Vinegar Hill, Enniscorthy, County Wexford, Ireland

Earpiece #10: Wexford Carol

Mark Gresham | 31 NOV 2020

Episode #10 of Earpiece, a weekly series of audio and video presentations curated by EarRelevant’s publisher and principal writer Mark Gresham.

We are still in the season of Christmastide, so we offer a final tribute to the holiday season with two very different videos of the traditional Irish Wexford Carod. First, a hauntingly beautiful rendition by Alison Krauss and Yo-Yo Ma, then a video direct from County Wexford, Ireland, where the carol originated, sung by company singers of the Wexford Festival Opera.

↓ scroll down to view video.

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The Wexford Carol (Irish: Carúl Loch Garman), otherwise known as the Enniscorthy Carol (Irish: Carúl Inis Córthaidh) is a traditional Irish Christmas carol originating from Enniscorthy, County Wexford, in southeastern Ireland.

The date of carol’s origins are uncertain. Some claim it to be from the early Middle Ages, but based on the style of its music and lyrics, it is more likely a product of the 15th or 16th century

William Grattan Flood (1859–1928), who was organist and musical director at St. Aidan’s Cathedral in Enniscorthy, transcribed the carol from performance by a local singer and got it published in The Oxford Book of Carols, from which it made its way into hymnals and carols collections worldwide.

We offer below two videos of different approaches to singing the carol: a more folk-like one by Alison Krauss and a more conventional unaccompanied choral version from Wexford festival Opera.

Alison Krauss and Yo-Yo Ma perform the Wexford Carol
Alison Krauss, voice
Yo-Yo Ma, cello
et al
Traditional Itish: Wexford Carol
Playlist Duration: 4:20
Click the “expand” button in lower right corner to enlarge (recommended)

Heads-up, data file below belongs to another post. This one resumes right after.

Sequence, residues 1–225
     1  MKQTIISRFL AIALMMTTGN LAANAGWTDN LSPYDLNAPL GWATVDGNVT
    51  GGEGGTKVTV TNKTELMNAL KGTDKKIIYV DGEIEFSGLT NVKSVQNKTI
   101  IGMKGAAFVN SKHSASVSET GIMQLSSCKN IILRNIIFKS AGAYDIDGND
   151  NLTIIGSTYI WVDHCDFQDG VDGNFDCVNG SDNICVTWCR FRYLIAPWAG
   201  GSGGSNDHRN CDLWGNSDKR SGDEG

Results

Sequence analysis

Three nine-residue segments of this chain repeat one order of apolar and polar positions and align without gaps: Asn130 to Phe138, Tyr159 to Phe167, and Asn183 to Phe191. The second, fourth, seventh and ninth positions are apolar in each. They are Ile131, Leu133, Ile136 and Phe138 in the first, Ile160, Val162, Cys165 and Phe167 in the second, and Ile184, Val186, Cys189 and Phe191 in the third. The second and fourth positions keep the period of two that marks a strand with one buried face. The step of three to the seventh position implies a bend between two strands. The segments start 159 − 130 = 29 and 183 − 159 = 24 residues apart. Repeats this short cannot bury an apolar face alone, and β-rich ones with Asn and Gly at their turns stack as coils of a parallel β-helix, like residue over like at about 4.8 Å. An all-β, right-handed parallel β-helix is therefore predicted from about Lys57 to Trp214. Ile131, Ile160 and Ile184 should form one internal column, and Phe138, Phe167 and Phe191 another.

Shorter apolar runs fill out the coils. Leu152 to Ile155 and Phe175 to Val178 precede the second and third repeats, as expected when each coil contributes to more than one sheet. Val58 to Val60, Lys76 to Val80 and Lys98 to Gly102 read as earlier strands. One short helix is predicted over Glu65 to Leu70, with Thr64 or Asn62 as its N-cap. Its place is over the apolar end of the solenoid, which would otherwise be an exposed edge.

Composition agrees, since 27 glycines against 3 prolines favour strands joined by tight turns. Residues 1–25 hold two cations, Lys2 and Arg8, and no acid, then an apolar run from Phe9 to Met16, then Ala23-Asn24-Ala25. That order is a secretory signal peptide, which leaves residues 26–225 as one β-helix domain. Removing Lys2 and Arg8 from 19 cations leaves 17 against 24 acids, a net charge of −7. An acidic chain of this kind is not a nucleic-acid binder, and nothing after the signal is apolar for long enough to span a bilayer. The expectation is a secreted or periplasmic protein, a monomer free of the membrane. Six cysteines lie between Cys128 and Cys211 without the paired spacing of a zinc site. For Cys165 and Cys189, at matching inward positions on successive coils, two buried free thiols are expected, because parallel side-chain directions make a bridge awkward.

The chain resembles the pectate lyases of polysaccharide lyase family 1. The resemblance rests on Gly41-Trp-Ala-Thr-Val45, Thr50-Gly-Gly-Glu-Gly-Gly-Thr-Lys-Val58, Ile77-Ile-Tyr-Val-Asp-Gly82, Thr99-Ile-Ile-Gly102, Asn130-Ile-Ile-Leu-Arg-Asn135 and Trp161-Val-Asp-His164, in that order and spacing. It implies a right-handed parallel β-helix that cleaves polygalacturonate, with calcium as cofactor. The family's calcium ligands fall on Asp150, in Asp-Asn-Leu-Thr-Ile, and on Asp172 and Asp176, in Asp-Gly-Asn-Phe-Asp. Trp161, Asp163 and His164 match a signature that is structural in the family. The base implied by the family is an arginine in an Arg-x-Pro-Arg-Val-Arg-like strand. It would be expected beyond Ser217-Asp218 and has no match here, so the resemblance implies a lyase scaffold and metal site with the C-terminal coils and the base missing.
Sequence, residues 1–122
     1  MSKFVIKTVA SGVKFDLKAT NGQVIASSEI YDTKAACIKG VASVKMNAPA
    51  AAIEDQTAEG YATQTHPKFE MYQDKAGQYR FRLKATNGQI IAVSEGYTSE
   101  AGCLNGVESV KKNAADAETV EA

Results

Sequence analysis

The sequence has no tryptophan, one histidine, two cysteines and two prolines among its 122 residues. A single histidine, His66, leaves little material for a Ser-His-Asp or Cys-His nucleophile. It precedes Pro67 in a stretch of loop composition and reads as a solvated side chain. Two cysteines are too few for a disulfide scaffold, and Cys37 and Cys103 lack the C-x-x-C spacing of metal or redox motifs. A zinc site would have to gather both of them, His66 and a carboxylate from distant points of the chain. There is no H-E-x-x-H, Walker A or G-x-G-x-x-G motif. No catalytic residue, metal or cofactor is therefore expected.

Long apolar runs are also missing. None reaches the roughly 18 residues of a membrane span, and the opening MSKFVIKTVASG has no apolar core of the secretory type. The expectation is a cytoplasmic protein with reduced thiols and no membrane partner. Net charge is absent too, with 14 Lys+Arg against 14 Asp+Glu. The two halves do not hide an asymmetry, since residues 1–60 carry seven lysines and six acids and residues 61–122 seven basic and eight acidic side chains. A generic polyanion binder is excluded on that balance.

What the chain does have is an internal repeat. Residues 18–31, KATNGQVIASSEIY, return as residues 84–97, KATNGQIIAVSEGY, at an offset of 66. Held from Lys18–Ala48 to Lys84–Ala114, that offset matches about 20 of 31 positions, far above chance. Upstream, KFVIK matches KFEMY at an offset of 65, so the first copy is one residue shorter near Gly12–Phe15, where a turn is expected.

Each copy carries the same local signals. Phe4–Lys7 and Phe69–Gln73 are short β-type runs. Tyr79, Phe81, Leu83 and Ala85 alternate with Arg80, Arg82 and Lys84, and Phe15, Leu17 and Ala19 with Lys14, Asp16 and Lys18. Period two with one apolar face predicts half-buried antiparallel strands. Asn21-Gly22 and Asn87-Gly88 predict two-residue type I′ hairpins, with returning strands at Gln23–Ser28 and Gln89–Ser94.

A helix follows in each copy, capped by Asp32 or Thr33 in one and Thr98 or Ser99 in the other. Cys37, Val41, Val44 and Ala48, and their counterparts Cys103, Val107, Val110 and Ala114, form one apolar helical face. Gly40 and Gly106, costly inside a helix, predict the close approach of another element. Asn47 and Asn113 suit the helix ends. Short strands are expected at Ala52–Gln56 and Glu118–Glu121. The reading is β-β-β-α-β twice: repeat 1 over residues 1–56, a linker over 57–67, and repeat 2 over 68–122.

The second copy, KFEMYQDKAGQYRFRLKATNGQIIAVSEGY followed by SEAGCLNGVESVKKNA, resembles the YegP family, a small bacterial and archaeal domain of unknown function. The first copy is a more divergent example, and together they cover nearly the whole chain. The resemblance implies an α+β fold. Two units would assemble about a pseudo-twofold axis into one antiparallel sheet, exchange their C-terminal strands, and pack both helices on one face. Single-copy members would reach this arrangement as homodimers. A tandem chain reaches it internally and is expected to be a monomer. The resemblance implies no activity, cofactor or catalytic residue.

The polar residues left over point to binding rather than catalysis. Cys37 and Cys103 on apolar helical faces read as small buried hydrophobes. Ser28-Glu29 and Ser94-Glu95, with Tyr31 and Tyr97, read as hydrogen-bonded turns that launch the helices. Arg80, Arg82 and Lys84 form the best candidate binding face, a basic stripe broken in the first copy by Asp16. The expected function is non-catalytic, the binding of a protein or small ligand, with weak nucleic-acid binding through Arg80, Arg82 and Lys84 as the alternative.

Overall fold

Wexford Festival Opera: A Wexford Carol
Wexcford Festival Opera Company, voices
Traditional Itish: Wexford Carol
Playlist Duration: 4:20
Click the “expand” button in lower right corner to enlarge (recommended)
Click the “expand” button in lower right corner to enlarge (recommended)
Note: YouTube videos are embedded in accordance with the YouTube Terms of Service.

↓ scroll down to view both English and Irish lyrics. ↓

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English Lyrics

Good people all, this Christmas time,
Consider well and bear in mind
What our good God for us has done
In sending His beloved Son
With Mary holy we should pray,
To God with love this Christmas Day
In Bethlehem upon that morn,
There was a blessed Messiah born.

The night before that happy tide,
The noble virgin and her guide
Were long time seeking up and down
To find a lodging in the town.
But mark how all things came to pass
From every door repelled, alas,
As was foretold, their refuge all
Was but a humble ox’s stall.

Near Bethlehem did shepherds keep
Their flocks of lambs and feeding sheep
To whom God’s angels did appear
Which put the shepherds in great fear
Prepare and go, the angels said
To Bethlehem, be not afraid
For there you’ll find, this happy morn
A princely Babe, sweet Jesus, born.

With thankful heart and joyful mind
The shepherds went the babe to find
And as God’s angel had foretold
They did our Saviour Christ behold
Within a manger He was laid
And by his side the virgin maid
Attending on the Lord of Life
Who came on earth to end all strife.

There were three wise men from afar
Directed by a glorious star
And on they wandered night and day
Until they came where Jesus lay
And when they came unto that place
Where our beloved Messiah lay
They humbly cast them at His feet
With gifts of gold and incense sweet.

Irish lyrics

Ó, tagaig’ uile is adhraigí
An leanbh cneasta sa chró ‘na luí
Is cuimhnígí ar ghrá an Rí
A thug dár saoradh anocht an Naí.
‘S a Mhuire Mháthair i bParrthas Dé,
Ar chlann bhocht Éabha guigh ‘nois go caomh,
Is doras an chró ná dún go deo
Go n-adhram’ feasta Mac Mhuire Ógh.

I mBeithil thoir i lár na hoích’
Ba chlos an deascéala d’aoirí,
Go follas don saol ón spéir go binn
Bhí aingle ‘canadh ó rinn go rinn.
“Gluaisig’ go beo,” dúirt Aingeal Dé,
“Go Beithil sall is gheobhaidh sibh É
‘Na luí go séimh i mainséar féir,
Siúd É an Meisias a ghráigh an saol.”

The Irish lyrics are somewhat different from the English ones, and we thought a Googkle translation would do more disservice than enlighten, so we leave it to the reader to do that for themselves or to find someone who can read it outright, as we are in haste to post this episode of EarPiece at the literal 11th hour. So we will close here and simply wish you a Joyous Christmastide and a very Happy New year. ◼